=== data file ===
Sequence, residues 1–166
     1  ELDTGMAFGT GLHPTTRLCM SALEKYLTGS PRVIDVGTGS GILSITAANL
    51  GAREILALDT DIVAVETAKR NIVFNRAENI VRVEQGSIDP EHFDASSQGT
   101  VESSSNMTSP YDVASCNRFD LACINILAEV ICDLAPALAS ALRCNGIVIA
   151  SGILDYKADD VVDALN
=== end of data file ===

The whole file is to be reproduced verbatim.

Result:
Sequence, residues 1–166
     1  ELDTGMAFGT GLHPTTRLCM SALEKYLTGS PRVIDVGTGS GILSITAANL
    51  GAREILALDT DIVAVETAKR NIVFNRAENI VRVEQGSIDP EHFDASSQGT
   101  VESSSNMTSP YDVASCNRFD LACINILAEV ICDLAPALAS ALRCNGIVIA
   151  SGILDYKADD VVDALN